“First, students learned a framework for combining intuition and data/analytics (including regression and optimization) into a comprehensive decision-making strategy. Second, students developed an implementation plan to transform an intuition-based company into one that relied more heavily on data and analytics; this included discovering important barriers to change that require a broader understanding of the organizational culture and incentives.”
Ferreira also shared results of a survey of about 350 companies in four industries about their analytics capabilities. “Results show strong correlations between business performance metrics and analytics capabilities, and highlight a variety of tasks in which top performing companies use analytics…”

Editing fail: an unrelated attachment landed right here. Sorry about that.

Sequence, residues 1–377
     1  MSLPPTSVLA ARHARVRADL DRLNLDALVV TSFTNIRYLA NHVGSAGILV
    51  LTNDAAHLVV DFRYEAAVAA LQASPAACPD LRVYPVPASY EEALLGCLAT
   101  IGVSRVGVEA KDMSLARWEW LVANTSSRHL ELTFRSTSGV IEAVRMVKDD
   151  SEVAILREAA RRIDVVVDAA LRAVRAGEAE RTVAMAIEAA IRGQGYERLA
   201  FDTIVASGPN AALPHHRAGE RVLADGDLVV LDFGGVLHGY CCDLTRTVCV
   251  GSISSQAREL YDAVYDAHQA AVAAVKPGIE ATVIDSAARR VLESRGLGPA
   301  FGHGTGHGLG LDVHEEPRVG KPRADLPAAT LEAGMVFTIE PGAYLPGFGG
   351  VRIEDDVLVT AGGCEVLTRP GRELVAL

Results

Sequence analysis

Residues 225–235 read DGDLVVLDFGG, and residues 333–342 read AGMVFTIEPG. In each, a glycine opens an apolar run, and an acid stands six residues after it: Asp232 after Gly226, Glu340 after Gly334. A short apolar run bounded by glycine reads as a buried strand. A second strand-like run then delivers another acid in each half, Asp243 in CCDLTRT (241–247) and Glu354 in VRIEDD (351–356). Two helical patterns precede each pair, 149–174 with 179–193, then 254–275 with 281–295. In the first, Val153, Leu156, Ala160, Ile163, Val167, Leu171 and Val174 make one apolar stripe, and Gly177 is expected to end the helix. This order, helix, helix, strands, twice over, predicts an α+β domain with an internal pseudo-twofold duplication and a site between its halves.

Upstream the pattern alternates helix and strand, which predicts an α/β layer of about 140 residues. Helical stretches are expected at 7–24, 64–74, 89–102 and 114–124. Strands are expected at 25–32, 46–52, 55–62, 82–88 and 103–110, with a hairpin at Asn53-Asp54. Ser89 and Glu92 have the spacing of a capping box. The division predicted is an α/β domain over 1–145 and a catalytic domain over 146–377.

Feng Zhu, who teaches Digital Innovation and Transformation, illustrated how big data is making new business models possible. “Most organizations today use data analytics to optimize or improve their existing businesses. But to take full advantage of data analytics, it will be important for them to consider the following two strategic questions: 1) Can I use my data to offer new products or services to my existing customers? 2) Can I leverage data to serve those customers who are currently not served by me or my competitors?”
In class after class during the program, across the range of disciplines that make up a business school, instructors emphasized the importance of connecting analysis to an overarching data strategy. In Lakhani’s final case discussion, which explored internal and customer transformation at GE, it became clear that a data strategy wasn’t just about gathering and analyzing information—it can be the unifying principle in corporate reinvention.